Andrew Searles is doing an economic evaluation of Indigenous health programs in Cape York.
HMRI research economist Andrew Searles* will be visiting remote Aboriginal communities in Cape York over the next four weeks, helping to evaluate the costs and benefits of health and wellbeing projects currently operating in the region.
With health-adjusted life expectancy figures being around 18 years below that of Queensland’s overall rate, Associate Professor Searles is also investigating economic frameworks to identify indigenous health priorities.
It is part of a Visiting Scholar fellowship that commenced yesterday with the Cairns Institute at James Cook University (JCU).
“Incident rates for cardiovascular, diabetes and respiratory illnesses are a major concern among the communities and I also have meetings scheduled with the Gurriny Yealamucka Health Services and Royal Flying Doctors Service regarding the delivery of a mental illness and wellbeing intervention known as the Family Wellbeing Program,” Associate Professor Searles said.
“We are introducing wellbeing measures into the economic evaluation because they incorporate concepts such as control and empowerment which are important to Indigenous people. Wellbeing has also been associated with the decisions people make about diet, physical activity, alcohol consumption and smoking, which potentially exacerbate the high disease burden.”
The work is an extension of pilot projects HMRI and the Hunter Valley Research Foundation have done in collaboration with James Cook University, Queensland Health and Cape York Hospital and Service District, using economic modelling to evaluate the efficacy of existing programs.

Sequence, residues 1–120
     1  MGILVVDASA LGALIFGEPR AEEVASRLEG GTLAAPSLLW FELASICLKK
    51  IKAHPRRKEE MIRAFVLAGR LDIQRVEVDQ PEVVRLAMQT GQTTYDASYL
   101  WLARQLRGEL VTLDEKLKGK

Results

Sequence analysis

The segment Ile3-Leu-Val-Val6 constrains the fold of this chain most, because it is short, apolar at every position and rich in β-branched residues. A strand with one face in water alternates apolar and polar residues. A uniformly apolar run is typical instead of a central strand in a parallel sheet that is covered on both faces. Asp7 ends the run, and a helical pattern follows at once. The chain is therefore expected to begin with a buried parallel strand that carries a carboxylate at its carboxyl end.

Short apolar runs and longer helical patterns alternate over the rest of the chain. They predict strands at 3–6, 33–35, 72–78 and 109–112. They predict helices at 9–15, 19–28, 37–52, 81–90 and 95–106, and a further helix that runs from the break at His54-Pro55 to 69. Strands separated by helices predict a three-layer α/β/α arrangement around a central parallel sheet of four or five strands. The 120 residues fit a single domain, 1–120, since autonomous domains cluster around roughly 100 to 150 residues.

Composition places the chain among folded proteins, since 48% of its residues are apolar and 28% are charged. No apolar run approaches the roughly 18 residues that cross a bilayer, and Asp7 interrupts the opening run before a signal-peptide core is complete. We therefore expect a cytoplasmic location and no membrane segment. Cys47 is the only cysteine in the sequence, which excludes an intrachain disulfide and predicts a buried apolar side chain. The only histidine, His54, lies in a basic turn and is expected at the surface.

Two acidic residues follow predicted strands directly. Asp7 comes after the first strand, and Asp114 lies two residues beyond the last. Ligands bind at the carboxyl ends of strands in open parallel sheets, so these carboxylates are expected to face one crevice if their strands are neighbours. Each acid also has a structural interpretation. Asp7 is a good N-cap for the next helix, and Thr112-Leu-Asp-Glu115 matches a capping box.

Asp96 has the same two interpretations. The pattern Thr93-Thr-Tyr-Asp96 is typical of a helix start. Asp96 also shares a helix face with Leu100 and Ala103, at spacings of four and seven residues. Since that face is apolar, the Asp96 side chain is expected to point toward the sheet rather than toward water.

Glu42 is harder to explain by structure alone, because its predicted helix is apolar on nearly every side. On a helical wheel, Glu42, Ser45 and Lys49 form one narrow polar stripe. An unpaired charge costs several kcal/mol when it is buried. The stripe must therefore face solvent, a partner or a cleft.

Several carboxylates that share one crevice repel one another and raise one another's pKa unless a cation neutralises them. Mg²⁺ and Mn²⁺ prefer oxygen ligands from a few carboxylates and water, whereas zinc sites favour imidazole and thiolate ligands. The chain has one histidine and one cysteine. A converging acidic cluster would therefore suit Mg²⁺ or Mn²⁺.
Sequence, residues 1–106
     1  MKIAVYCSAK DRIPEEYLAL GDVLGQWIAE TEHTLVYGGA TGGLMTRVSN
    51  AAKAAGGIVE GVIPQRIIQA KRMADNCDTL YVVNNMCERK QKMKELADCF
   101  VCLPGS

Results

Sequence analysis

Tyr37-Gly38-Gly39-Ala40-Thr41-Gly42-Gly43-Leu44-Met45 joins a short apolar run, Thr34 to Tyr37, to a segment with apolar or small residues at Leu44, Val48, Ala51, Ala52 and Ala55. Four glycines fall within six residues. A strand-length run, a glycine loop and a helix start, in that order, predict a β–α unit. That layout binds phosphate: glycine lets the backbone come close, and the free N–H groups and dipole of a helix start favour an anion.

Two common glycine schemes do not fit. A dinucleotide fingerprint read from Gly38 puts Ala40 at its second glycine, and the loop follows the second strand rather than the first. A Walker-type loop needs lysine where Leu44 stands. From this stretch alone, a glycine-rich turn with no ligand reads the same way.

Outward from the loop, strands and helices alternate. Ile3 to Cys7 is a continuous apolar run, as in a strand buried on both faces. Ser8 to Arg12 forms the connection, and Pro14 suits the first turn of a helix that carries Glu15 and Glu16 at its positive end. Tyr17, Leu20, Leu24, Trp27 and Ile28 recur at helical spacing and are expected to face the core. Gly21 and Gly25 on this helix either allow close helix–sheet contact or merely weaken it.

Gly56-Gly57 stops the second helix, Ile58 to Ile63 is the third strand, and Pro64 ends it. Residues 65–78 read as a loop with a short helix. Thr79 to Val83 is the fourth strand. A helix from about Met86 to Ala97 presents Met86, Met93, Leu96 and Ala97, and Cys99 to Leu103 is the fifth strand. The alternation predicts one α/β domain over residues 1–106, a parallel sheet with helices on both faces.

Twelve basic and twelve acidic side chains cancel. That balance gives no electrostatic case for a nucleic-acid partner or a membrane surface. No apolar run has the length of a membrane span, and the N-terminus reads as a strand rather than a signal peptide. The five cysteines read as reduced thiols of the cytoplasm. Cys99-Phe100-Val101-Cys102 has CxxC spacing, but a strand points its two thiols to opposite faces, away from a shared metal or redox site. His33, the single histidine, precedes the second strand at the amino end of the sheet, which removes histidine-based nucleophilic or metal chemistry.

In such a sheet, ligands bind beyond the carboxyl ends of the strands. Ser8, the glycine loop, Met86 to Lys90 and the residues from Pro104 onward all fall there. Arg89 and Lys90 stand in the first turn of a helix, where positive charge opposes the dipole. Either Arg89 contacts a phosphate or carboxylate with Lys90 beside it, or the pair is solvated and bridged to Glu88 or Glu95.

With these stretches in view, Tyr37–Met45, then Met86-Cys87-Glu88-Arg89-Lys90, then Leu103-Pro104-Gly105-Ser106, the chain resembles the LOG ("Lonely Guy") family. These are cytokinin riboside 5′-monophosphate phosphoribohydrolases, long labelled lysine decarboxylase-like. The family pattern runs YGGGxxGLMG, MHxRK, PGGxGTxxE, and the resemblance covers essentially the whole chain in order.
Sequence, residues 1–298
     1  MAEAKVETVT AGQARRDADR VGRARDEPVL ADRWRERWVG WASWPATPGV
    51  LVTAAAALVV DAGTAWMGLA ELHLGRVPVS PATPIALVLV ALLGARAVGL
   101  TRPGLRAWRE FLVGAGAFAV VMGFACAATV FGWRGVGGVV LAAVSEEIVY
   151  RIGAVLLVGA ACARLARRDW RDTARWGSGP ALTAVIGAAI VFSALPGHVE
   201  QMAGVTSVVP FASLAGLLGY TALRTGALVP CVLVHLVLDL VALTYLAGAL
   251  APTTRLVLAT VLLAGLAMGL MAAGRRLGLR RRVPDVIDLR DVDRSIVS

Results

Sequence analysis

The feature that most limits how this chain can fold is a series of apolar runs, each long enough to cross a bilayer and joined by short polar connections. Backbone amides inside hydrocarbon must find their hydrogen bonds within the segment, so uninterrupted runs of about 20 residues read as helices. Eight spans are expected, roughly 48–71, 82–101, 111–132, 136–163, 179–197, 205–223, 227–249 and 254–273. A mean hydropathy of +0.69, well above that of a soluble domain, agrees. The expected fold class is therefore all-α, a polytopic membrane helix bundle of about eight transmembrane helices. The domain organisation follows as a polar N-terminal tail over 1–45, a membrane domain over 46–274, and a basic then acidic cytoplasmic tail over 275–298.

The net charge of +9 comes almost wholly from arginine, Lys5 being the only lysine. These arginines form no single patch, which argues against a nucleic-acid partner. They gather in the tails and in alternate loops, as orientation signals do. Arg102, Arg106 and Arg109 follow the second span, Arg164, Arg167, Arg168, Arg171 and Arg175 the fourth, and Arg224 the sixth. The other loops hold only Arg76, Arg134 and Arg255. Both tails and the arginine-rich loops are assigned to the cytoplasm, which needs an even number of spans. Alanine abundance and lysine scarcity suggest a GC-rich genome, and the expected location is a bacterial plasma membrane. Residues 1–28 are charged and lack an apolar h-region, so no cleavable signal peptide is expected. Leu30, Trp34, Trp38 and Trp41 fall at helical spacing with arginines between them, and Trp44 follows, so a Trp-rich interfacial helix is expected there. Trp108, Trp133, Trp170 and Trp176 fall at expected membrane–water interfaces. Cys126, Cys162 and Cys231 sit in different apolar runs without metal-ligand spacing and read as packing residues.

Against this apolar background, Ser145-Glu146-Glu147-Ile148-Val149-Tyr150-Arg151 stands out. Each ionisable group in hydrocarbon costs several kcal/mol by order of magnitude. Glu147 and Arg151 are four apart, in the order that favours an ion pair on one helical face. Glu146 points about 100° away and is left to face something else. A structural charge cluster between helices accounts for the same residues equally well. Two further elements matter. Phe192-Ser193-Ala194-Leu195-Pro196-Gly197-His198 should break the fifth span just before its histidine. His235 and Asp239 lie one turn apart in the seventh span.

“There was some criticism in the media last year about the lack of program evaluation. For all the money that is being spent, economic evaluations are needed to determine whether programs work and whether they represent value for money,” Associate Professor Searles added.
Supporting research work done by HMRI’s Mothers and Babies group with NSW indigenous communities, the North Queensland research will also look at improving long-term health outlooks by engaging Aboriginal mothers during the critical stages of their pregnancy and in early motherhood.
“That isn’t something we can solve in a month but will factor into the long-term framework,” he said.
* Associate Professor Andrew Searles works with the Hunter Medical Research Institute and Hunter Valley Research Foundation. HMRI is a partnership between the University of Newcastle, Hunter New England Health and the community.